With the murder of human rights lawyer Rafael Ortiz during a quincentennial protest march, attention was called to the repressive, manipulative way the government was controlling the celebration of its national history. Ortiz's assassination proved to be a successful governmental tactic to quell further resistance to official quincentennial activities. Posters and simple graffiti reading "No al Quinto Centenario!" became the only visible form of organized resistance. Several critical articles in national newspapers did appear but had very little influence on the national quincentennial programs.

The quincentennial inspired Pilgrimage for Human Dignity was held on 5 December 1992 as a protest against the official Columbian celebrations. Literature distributed at the march read "... vamos a conmemorar la resistencia indígena, negra y popular en el día de la llegada de Colón..." On this pilgrimage from Santiago to Santo Cerro (La Vega), various banners were unfurled with anti-governmental imagery. One banner satirized the typical San Miguel image, dramatizing an Indian as San Miguel, slaying Columbus as the devil, his wings the flags of Spain and the United States (see Figure 10). It is no coincidence that San Miguel is also the “Captain of the 21st Indigenous Division” in syncretic religious belief. That is, Saint Michael has been transformed in folk belief systems to represent the Indian spirit who struggles against oppression (of all negative forms represented by the devil).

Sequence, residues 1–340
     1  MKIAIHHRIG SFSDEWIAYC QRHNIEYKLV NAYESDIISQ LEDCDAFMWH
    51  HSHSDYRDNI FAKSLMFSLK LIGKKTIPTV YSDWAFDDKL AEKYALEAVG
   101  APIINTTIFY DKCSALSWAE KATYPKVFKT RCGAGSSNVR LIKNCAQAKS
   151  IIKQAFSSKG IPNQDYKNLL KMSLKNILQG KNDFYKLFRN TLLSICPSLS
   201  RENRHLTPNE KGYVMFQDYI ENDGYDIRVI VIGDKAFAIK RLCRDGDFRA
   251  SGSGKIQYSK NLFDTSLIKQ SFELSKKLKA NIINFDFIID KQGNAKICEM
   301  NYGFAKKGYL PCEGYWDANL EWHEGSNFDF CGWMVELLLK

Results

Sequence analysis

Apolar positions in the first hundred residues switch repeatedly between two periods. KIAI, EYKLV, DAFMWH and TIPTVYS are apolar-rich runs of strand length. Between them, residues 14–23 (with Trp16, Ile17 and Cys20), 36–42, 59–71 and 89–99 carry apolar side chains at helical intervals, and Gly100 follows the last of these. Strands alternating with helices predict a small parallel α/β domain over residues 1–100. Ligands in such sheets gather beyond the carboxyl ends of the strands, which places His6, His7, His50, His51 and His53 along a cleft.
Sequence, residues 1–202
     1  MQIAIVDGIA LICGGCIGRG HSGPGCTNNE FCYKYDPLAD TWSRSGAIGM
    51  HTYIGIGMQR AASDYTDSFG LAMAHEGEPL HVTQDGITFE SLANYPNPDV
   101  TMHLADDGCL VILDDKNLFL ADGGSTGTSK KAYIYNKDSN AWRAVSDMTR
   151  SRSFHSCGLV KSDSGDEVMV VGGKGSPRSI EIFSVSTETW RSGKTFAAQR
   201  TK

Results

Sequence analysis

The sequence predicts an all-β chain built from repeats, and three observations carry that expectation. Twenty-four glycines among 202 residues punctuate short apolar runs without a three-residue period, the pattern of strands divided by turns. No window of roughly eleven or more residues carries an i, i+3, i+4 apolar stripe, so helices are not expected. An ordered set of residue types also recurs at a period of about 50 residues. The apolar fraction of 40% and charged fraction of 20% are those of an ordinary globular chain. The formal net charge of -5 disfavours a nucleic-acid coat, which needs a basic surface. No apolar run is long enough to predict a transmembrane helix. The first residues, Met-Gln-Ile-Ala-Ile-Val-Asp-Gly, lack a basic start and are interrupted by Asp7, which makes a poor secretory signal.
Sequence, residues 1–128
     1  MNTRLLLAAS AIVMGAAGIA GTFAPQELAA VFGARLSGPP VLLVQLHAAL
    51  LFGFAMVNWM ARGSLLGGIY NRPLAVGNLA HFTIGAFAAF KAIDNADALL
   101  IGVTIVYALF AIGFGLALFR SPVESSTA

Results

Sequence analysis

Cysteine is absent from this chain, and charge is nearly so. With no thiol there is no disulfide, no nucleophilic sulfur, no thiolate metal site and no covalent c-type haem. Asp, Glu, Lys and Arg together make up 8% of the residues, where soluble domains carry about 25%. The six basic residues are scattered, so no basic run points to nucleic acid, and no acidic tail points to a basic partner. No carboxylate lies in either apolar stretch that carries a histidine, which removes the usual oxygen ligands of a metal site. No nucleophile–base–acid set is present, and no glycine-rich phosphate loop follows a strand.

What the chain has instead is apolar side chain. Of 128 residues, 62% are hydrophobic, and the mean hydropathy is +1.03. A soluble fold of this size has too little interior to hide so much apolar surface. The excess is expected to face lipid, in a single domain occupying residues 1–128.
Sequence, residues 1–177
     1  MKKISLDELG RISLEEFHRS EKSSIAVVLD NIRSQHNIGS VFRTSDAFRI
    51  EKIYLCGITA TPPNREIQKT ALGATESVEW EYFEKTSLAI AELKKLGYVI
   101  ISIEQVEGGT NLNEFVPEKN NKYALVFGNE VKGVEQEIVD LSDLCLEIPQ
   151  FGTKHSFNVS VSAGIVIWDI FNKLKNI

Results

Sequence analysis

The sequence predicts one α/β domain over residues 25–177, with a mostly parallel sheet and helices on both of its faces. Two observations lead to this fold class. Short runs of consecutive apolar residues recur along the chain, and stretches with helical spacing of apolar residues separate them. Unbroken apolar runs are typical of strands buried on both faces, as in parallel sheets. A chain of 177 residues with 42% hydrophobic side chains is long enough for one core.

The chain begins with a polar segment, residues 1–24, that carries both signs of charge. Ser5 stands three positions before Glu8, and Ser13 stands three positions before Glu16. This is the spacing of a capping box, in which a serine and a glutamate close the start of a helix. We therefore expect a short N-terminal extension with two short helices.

The active work of individuals like the organizers of the Columbian quincentennial protests opened many eyes to the realities of the Dominican past and present, which were exposed as intricately connected. So too did many educators, teachers and parents engage in their students and children a critical response to the national celebrations. A librarian from a private Santiago school encouraged students to work on projects concerning the indigenous past. The work they produced was well researched, informative, and edifying.

Ferbel, P. J. (2002). "Not Everyone Who Speaks Spanish is from Spain: Taíno Survival in the 21st Century Dominican Republic". KACIKE: The Journal of Caribbean Amerindian History and Anthropology [On-line Journal], Special Issue, Lynne Guitar, Ed. Available at:

1 comment:

JM said...

This is phenomenal! I enjoyed learning the origin of what constitutes a majority of the Dominican culture.